At the heart of peer learning / peer-led learning is the opportunity to create connection between students and foster a sense of community and belonging. Whether the primary focus of support is academic or pastoral, the benefits are inextricably entwined.
Students receiving support:
- Are given the opportunity to talk with students who have recently gone through the same transitions as they are currently experiencing.
- Are offered a safe space to ask “silly questions”.
- Often develop increased academic confidence.
- Gain a greater sense of belonging and community.
Students providing support:
- Are given the chance to support another student and enrich their university experience.
- Gain perspective on how their confidence and knowledge has grown over their time at university.
- Develop their interpersonal skills.
- Gain experience that can be used towards Hallam Award applications
Introducing new peer-led learning initiatives requires time and commitment from staff but should also bring a number of benefits as well:
- Supported students gain increased confidence and sense of community.
- Student satisfaction
- Reduced workload in terms of initial enquires
- Increased feedback via student leaders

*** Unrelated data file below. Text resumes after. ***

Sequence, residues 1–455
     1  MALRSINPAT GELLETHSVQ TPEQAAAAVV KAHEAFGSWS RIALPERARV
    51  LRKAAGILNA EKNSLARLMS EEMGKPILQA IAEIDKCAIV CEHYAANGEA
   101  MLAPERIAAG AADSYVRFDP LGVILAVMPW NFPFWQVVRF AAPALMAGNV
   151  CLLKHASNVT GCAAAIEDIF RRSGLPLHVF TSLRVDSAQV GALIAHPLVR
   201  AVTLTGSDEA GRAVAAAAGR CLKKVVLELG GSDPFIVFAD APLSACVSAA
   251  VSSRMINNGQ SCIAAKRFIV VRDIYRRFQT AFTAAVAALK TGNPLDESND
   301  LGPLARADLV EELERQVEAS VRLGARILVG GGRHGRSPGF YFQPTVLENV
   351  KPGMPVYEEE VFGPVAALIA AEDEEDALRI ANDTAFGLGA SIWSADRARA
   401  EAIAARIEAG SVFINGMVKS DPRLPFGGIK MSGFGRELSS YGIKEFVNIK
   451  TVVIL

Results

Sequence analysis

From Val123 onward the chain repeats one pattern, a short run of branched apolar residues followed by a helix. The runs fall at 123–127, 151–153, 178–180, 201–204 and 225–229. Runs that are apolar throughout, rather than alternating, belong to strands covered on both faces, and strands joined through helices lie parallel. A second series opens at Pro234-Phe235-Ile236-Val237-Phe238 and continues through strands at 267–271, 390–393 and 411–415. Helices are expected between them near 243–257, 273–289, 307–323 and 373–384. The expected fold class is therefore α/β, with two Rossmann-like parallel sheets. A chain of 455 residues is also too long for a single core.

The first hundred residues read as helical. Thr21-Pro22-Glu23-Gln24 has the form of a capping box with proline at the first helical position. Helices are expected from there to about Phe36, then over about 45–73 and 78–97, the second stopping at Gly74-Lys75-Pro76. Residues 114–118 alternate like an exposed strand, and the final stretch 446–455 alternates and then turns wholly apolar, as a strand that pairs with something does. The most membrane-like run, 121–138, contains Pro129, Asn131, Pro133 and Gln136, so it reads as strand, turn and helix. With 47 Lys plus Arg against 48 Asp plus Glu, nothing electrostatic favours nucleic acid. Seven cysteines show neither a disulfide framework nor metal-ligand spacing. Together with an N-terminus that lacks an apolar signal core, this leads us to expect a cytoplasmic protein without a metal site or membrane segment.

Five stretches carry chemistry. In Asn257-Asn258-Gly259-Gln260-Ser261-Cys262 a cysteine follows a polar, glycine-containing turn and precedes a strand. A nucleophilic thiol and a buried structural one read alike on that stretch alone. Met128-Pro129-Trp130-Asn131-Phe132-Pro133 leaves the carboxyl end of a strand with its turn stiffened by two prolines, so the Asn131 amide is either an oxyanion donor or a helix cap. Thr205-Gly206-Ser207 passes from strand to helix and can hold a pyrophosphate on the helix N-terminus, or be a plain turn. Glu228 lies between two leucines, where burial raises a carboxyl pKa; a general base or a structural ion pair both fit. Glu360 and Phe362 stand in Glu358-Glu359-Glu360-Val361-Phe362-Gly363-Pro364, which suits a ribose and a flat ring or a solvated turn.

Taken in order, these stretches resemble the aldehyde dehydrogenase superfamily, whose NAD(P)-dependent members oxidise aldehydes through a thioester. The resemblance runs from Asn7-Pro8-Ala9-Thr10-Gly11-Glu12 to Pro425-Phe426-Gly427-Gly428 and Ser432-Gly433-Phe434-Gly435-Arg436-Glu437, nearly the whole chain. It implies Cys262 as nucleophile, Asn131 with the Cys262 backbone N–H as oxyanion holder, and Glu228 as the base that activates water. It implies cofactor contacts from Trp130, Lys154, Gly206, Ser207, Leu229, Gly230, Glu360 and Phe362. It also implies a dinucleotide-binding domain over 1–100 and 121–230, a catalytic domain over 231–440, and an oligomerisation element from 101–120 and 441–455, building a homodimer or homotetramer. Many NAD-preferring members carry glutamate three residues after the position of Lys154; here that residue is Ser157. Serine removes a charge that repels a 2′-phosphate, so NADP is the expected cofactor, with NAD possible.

To the university
As well as the direct benefits to students and staff, peer-led learning also supports a number of key university performance indicators.
Outcomes: Our students are confident, worldready citizens with the skills, capabilities and knowledge to thrive after graduation.
Emotional Intelligence, Responsibility, Adaptability, Confidence, Credibility, Creativity, Curiosity, Globally minded. Read more on the Highly Skilled Employment resource: Graduate Attributes section.
National Student Survey (NSS)
- Q. 21 – I feel part of a community of staff and students
- Q. 22 I have had the right opportunities to work with other students as part of my course.
- Read more on the NSS and other evaluation methods on our Academic Essentials: Support for course and module design and delivery overview.
Teaching Excellence Framework
- Learning environment: the effectiveness of resources and activities which support learning and improvement retention, progression and attainment.
- Outcomes and learning gain: the extent to which all students achieve their educational and professional goals, in particular students from disadvantaged backgrounds.
- Read more on the National Teaching Fellowship (NTF) – Teaching Excellence website.
UK Professional Standards Framework
- A4 – Develop effective learning environments and approaches to student support and guidance.
- K3 – How students learn, both generally and within their subject/disciple area(s).
- Read more on The UK Professional Standards Framework for teaching and supporting learning in higher education: 2011